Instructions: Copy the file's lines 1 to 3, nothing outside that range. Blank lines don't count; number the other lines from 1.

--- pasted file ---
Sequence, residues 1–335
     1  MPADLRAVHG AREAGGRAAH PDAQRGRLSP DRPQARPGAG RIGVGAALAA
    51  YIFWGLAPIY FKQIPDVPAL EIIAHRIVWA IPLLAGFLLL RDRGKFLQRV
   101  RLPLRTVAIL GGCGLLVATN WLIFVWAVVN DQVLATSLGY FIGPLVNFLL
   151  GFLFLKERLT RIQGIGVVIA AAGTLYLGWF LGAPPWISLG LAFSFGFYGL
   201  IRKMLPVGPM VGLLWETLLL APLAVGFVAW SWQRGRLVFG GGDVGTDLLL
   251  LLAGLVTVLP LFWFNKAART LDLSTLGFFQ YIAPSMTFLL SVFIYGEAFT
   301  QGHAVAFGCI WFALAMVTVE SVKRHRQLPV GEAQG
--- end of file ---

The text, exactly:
Sequence, residues 1–335
     1  MPADLRAVHG AREAGGRAAH PDAQRGRLSP DRPQARPGAG RIGVGAALAA
    51  YIFWGLAPIY FKQIPDVPAL EIIAHRIVWA IPLLAGFLLL RDRGKFLQRV